Anyway, Merle returned to his hometown in Pennsylvania, married and had four kids. Karen, his daughter, said he was a wonderful dad but would never speak about the war. She said what astonished her most when reading my book was that her dad had been wounded. "My siblings and I saw the scars on his chest and back, but they had been always been there and we just weren't curious enough to ask about them!" We've had several long chats since then and I was so pleased to be able to tell her what a hero her father was.

Then came the sad calls. I began to hear from kids whose fathers never recovered enough to be fathers. None of them had figured out that their dad's mood swings, aversion to noise, quickness to anger, silence, was a result of his war experiences. They simply couldn't wait to be old enough to leave home and get away from an oddball father.

What I found so depressing was that every son and daughter who had lost their dad was heartsick because they never knew that the pain their fathers lived with until they died was the result of the trauma of war. And every one had the same sad lament, "If I had only known!"

If I succeeded in helping some kids to see their departed dads in a different light, I am very pleased. But I know that there are still many veterans who are distanced from their families and time for reconciliation grows shorter by the day.

Over many years of chatting with veterans at AXPOW conventions, Air Force reunions and various meetings, I was surprised by how many of them said, "Nah, I'm not really in touch with my kids."

I will be the first to admit that, basically, the fault is ours. As former POWs, we battled our demons as best we could. Some of us, including me, used alcohol as a crutch. Some worked long hours to avoid being at home. Others simply staked out space in a bedroom or den, which our families were made to understand was not to be transgressed.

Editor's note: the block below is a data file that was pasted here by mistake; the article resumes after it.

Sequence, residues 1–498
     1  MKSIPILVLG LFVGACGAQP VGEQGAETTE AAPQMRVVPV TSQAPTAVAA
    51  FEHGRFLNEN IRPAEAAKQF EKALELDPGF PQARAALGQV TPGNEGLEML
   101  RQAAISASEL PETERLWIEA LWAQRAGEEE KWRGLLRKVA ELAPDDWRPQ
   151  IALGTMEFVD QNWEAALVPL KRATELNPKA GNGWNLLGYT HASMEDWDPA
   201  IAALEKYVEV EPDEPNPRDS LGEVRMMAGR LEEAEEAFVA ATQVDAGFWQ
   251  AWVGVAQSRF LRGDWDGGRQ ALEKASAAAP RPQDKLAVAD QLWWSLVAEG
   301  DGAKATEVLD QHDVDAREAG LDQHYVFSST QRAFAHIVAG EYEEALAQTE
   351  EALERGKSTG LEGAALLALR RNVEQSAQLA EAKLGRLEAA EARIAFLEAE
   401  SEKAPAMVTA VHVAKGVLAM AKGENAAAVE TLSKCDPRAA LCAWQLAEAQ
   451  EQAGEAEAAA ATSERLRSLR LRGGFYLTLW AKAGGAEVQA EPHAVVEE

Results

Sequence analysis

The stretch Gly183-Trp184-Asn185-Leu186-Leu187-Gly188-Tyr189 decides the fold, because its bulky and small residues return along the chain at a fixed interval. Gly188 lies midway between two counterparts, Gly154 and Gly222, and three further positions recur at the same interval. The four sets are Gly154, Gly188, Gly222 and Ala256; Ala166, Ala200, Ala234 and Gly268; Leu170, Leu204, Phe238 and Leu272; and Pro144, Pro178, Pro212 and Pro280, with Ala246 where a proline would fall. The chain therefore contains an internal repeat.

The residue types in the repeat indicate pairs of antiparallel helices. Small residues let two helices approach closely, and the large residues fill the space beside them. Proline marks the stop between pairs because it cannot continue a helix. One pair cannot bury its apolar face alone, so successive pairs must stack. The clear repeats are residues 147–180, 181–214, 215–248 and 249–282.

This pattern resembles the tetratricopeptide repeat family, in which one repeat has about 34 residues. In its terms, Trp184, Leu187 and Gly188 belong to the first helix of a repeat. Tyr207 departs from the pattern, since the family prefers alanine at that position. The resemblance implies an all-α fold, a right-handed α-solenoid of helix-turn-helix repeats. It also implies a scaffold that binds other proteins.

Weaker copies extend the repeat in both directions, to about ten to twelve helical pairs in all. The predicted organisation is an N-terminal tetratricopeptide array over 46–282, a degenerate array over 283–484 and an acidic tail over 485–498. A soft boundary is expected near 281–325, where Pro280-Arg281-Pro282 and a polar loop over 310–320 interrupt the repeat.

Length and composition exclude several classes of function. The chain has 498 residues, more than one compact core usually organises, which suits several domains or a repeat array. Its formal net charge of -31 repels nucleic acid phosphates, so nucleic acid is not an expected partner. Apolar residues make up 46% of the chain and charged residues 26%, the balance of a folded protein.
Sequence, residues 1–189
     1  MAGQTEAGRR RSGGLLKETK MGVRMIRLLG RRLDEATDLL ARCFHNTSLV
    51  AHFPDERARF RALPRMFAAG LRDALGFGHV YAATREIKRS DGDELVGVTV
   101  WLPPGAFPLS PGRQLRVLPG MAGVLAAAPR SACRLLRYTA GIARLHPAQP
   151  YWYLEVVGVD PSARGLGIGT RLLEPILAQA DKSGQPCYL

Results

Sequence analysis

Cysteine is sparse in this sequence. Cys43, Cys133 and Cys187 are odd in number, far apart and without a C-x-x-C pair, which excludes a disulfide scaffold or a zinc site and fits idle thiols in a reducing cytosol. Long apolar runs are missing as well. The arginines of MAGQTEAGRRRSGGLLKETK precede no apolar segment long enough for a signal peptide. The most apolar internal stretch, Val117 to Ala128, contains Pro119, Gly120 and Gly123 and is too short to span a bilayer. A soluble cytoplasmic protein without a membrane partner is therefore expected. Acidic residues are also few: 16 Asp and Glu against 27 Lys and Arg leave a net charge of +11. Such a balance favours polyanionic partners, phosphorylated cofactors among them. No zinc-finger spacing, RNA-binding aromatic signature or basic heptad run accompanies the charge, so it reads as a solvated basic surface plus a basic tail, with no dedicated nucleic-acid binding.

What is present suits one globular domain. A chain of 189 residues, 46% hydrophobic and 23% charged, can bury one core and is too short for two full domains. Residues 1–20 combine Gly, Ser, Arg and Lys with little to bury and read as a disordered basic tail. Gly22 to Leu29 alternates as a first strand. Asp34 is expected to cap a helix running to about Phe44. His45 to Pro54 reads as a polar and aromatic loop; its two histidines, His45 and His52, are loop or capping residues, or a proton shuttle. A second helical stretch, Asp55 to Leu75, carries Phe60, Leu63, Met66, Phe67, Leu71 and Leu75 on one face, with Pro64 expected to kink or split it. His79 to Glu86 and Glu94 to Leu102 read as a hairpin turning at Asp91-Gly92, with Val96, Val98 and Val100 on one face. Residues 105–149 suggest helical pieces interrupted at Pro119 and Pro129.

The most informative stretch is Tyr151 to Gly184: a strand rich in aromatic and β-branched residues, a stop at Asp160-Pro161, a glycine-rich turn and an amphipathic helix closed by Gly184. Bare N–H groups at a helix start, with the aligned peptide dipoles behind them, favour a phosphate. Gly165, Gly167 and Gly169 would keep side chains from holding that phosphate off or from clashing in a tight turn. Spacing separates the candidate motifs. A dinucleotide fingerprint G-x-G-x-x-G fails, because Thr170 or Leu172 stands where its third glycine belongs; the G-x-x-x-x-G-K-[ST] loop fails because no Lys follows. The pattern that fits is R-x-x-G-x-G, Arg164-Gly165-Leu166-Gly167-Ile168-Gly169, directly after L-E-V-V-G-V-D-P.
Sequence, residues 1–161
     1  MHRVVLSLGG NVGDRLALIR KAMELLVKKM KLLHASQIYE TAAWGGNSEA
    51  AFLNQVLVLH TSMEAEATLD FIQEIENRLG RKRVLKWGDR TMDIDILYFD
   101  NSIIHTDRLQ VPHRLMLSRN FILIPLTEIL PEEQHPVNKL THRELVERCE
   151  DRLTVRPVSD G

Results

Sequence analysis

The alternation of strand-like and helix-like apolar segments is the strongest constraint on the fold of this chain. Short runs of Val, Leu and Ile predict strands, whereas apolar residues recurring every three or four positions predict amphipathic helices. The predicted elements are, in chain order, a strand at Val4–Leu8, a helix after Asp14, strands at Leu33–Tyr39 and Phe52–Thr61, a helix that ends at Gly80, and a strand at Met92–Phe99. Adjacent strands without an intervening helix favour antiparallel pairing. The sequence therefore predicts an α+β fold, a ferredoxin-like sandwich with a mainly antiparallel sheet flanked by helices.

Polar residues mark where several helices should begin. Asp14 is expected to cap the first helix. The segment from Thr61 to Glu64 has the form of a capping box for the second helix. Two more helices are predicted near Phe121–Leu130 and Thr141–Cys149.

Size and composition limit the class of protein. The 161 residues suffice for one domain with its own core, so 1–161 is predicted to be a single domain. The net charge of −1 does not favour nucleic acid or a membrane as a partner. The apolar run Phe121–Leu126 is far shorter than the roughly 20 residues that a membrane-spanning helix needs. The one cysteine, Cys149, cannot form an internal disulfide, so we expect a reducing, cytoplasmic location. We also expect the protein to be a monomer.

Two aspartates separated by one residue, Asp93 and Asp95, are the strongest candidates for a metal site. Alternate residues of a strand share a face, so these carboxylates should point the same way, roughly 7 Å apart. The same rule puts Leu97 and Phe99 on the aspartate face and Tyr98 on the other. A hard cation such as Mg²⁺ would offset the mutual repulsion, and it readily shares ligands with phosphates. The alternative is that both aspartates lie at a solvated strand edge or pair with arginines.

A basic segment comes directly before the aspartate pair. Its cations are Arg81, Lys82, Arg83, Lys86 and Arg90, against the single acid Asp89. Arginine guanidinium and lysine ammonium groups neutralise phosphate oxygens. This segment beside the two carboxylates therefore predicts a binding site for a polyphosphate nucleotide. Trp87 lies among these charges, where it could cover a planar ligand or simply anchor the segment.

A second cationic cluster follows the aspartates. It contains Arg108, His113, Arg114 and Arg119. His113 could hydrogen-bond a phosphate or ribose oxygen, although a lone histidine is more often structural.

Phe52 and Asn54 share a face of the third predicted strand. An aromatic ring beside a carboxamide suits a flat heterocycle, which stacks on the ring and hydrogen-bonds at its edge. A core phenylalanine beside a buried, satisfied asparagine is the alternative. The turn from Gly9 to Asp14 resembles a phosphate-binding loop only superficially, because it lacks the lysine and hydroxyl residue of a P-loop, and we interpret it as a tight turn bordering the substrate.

But placing blame for the tragedy of unfulfilled parenthood is not my intention. My fondest wish is simply to bring together those fathers who are still estranged from their children before
it is too late.

It was too late for my dad and me. He was a veteran of World War I and although I worked for him for over twenty years, our conversations were mostly about business. The times when he tried to talk about other subjects, they always concerned personal issues which we disagreed on and our dialogue quickly
deteriorated. In retrospect, he had "shellshock" and I lived with "battle fatigue." Today both these conditions fall into the category known as PTSD: post traumatic stress disorder. It is
not surprising that we grated on each other's nerves. And no wonder that we never talked about war.

Over time, with the arrival of grandchildren who were curious about our role in our country's history, some of us were able to overcome our reticence to talk about our combat experiences. But too many fascinating stories remain untold and it is sad that so many have already been buried.

If I could be granted one wish, I would ask for the reconciliation of all those POW
families who have been estranged from loved ones. For some of us, the emotional baggage that we brought home has kept us apart just as effectively as the barbed wire that surrounded us in prison camp. This is not a time to point fingers, to place blame. The fault lies with those who held us captive, the affect they had on our minds, and if we fail to change our situation, we allow ourselves to still be under their control.

Do me this one favor: If you're a POW's kid, get in touch with your dad. Set a date for a visit. Grab the moment before it's too late. If you have children, be sure to being them with you. Grandchildren can open doors that you may not be able to access. If you have a camcorder, record the conversation. It
will become a family treasure.

If you're a POW, I don't have to tell you that time is short. We're losing buddies every day. Let there be no regrets. Hold your family close and create memories that will live long after we are gone. Most important of all: Make sure that these precious words we hold in our hearts do not go...Unspoken.